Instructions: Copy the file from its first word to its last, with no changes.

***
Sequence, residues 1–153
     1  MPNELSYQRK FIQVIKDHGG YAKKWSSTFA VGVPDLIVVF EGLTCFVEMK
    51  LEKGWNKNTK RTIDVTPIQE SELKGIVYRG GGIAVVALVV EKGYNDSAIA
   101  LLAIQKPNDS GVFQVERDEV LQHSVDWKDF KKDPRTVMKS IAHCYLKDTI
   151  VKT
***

Sequence, residues 1–153
     1  MPNELSYQRK FIQVIKDHGG YAKKWSSTFA VGVPDLIVVF EGLTCFVEMK
    51  LEKGWNKNTK RTIDVTPIQE SELKGIVYRG GGIAVVALVV EKGYNDSAIA
   101  LLAIQKPNDS GVFQVERDEV LQHSVDWKDF KKDPRTVMKS IAHCYLKDTI
   151  VKT